In this not-yet-finished decade — the 2010s — what would you say is the most important and consequential men’s tennis match?
The 2012 Australian Open final? The 2014 Wimbledon final? The 2016 Roland Garros final? You could make very strong arguments for those and other matches.
My answer: The 2010 U.S. Open first-round match between Djokovic and Viktor Troicki.
Think about it: That match set in motion the larger course of events which has defined the subsequent 8.5 years of ATP competition.
If Djokovic — down 2 sets to 1 and down a break in the fourth set — had not come back, he would not have played Federer in the semifinals. He would not have saved two match points and won; Federer and Nadal MIGHT (I can’t guarantee it, because another player might have given Federer problems in the semifinals) have played in a U.S. Open final. Djokovic would not have played Nadal in the final and given Rafa a vigorous test. Nole would have left New York without the newfound belief that he could be a giant in men’s tennis.
Maybe the 2010 Davis Cup title still would have catapulted Djokovic into his majestic 2011 season of triumph… but it would have been harder had he not made that run at the U.S. Open, and the Troicki match was the precarious yet satisfying moment of perseverance when Djokovic reshaped his path at that tournament in New York. It showed him that he could still overcome so many obstacles, most of all the Fedal axis which seemed so utterly impenetrable at the time.
I offer the simple claim that Novak Djokovic began to become NOVAK DJOKOVIC against Troicki. If ever an early-round escape redefined tennis history, that is one of the foremost examples in my field of awareness.
Federer-Albot doesn’t own that level of magnitude — not even close — but it does fit and replicate the pattern of an early-round survival act reshaping how we perceive players. This shift in perception might not be enormous, but the difference (possessing slight to modest degrees) can still be conspicuous. It doesn’t have to be a canyon-sized gap to be a noticeable one.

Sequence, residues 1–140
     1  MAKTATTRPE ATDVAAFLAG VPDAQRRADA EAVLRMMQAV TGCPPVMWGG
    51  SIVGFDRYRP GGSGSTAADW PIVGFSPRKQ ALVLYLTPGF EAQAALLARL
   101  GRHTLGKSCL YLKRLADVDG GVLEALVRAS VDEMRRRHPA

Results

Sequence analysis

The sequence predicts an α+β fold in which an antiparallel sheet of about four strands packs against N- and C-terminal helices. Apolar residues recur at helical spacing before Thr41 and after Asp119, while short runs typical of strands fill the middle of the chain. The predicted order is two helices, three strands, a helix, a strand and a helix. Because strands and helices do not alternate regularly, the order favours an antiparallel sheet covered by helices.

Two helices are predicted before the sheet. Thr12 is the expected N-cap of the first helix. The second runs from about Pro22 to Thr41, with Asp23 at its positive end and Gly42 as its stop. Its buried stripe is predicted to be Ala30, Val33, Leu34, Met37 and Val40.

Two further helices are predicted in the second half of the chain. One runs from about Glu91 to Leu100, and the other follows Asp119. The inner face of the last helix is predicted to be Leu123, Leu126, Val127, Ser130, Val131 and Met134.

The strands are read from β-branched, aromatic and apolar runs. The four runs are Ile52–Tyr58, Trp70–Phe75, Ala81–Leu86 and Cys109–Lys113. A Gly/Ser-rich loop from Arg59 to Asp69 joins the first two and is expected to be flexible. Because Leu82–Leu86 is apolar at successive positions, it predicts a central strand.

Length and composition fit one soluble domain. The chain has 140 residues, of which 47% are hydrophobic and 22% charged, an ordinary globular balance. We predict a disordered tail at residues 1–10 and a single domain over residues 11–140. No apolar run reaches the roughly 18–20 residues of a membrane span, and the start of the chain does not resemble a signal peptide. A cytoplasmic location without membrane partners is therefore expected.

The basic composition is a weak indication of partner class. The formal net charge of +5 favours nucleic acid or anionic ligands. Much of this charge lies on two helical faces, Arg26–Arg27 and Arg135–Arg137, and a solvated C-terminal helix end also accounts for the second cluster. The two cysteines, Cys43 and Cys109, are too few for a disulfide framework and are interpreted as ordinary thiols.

Was Federer d. Albot an ordinary win, not something to celebrate or magnify? I totally understand why someone would find that match unremarkable. However, when you add the fact that Federer had LITERALLY never played a live match on that court in Hard Rock Stadium, and was getting used to the feel of the court and all the surroundings — with Albot having played a first-round match to provide more familiarity than Federer with the way Miami courts played — Federer’s ability to elude an early exit takes on more dimensions.
These are the matches on which seasons pivot. These are the hinge points which Alexander Zverev, Borna Coric, Stefanos Tsitsipas, and other prominent ATP players must be able to conquer on a regular basis at the most important tournaments in the coming decade.
You can be your own judge here, but from where I sit, spending time on Federer-Albot — and Djokovic-Troicki — is hardly a waste of my energy.